Lyell's percentage method of Stratigraphic correlation is interesting and useful. However, the method has been used at times to support correlation on a more detailed level than data warrant. By treating the number of extant species as successes and the number of extinct species as failures, samples may be treated as following the binomial distribution. The percentage of Recent species in the sample thus becomes the sample mean. The mean and variance of the sample may then be used to calculate a confidence interval and thereby to determine the limits of correlation at the desired confidence level. In this way samples can be referred to the proper epoch and the reliability of the reference can be stated. Treating samples as representatives of binomial populations also permits direct comparisons between two or more samples; the technique holds whether the sample mean is computed on the basis of percentage of extant species or on the basis of percentage in common with some standard interval from the geologic column.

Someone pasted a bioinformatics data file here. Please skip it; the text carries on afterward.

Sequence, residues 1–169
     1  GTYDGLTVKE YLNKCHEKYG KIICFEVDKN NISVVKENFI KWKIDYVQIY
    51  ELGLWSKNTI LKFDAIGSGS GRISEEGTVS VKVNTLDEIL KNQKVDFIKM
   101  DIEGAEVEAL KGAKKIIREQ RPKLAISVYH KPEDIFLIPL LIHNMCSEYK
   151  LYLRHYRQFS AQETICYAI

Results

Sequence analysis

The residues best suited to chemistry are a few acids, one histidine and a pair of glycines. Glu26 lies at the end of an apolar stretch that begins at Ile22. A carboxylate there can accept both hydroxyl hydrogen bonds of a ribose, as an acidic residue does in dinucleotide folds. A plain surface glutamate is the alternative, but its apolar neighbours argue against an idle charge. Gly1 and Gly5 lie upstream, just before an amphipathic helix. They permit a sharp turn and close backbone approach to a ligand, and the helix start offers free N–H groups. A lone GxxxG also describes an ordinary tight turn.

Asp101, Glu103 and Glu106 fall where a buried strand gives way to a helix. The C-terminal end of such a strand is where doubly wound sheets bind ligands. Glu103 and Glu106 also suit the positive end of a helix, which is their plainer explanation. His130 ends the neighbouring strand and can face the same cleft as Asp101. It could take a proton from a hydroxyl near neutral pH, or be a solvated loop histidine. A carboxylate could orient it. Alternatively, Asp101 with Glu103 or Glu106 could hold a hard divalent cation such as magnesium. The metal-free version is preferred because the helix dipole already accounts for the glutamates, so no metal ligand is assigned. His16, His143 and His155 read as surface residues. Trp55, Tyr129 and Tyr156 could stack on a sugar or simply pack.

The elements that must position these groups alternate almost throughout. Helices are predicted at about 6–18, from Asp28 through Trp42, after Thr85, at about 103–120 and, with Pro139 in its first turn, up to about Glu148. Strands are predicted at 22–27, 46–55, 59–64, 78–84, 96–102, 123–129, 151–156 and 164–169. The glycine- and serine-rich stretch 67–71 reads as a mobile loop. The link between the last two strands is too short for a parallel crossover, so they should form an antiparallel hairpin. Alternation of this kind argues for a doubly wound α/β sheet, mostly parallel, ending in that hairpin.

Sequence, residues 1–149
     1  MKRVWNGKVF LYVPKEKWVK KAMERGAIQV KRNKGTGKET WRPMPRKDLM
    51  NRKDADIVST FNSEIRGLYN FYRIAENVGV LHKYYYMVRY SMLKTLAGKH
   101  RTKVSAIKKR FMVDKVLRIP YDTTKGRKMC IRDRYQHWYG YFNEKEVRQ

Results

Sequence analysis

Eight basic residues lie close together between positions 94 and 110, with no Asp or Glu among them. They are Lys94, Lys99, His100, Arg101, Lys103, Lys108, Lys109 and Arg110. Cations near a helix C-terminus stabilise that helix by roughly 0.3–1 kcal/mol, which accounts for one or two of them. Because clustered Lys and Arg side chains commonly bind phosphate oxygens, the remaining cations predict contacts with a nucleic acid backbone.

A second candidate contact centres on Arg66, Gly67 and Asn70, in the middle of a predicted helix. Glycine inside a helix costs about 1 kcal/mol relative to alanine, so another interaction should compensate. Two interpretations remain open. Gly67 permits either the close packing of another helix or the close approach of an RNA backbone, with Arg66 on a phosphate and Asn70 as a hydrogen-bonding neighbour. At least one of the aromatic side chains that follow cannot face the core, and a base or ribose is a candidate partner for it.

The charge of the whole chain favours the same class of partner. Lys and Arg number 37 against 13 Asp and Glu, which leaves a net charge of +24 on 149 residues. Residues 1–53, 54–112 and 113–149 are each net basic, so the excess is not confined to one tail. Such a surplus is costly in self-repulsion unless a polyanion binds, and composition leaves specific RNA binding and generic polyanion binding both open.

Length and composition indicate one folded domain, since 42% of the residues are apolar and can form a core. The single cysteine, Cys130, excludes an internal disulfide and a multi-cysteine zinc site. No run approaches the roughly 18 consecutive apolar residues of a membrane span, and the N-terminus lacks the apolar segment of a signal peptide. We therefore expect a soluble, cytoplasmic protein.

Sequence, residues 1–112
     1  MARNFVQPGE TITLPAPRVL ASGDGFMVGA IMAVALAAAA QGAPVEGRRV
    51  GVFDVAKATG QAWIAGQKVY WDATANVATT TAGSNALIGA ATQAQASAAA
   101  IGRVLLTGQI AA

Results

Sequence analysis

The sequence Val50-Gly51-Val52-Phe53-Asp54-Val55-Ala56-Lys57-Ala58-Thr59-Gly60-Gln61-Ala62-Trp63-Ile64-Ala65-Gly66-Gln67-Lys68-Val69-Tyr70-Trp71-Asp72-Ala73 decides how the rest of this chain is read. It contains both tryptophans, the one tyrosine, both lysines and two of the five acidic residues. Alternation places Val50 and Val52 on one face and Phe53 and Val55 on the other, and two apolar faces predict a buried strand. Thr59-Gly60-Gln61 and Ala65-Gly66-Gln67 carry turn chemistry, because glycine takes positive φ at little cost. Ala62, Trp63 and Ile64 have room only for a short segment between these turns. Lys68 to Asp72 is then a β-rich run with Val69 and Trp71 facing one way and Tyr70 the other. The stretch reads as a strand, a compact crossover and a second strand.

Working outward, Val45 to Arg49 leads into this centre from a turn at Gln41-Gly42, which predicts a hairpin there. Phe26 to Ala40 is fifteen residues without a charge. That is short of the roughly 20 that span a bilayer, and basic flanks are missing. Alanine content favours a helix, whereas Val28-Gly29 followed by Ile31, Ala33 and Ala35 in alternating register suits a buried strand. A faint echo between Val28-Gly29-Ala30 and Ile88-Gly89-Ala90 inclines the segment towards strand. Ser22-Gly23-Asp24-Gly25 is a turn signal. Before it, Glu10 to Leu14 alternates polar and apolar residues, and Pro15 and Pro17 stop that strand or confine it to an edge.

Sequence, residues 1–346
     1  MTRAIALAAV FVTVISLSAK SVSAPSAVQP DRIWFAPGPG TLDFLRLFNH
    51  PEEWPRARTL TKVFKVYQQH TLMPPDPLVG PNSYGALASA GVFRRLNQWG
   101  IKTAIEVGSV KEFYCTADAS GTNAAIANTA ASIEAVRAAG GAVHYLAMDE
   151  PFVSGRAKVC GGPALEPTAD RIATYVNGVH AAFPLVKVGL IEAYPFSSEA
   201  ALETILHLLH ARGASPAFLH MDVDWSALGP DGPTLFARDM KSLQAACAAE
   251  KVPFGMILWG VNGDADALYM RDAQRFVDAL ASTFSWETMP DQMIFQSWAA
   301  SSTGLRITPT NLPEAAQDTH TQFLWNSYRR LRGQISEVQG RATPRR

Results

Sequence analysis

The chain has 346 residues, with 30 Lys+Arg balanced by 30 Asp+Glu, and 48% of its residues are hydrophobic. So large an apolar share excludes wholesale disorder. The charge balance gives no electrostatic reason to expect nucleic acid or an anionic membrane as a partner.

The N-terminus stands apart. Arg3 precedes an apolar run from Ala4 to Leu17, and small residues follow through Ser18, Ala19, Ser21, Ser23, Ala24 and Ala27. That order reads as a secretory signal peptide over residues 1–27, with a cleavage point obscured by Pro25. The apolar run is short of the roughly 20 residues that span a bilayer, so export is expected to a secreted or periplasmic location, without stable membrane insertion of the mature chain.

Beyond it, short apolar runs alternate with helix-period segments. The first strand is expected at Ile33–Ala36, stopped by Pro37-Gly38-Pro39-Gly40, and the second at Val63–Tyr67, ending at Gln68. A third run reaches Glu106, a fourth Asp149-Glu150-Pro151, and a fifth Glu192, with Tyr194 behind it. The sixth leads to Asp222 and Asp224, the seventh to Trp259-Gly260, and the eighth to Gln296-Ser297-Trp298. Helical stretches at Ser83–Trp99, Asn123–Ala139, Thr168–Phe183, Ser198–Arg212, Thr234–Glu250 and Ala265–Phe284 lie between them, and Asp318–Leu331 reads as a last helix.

Simpson (1953) and Umbgrove (1946) have shown the importance of epoch by epoch comparisons of percentages of extant species in widely different systematic groups. In addition, it should prove fruitful to compare evolution rates of similar lineages from different geographic localities or faunal realms. A method of testing for significant differences of mean numbers of extant species for these two cases is made possible by applying the binomial distribution to percentage data.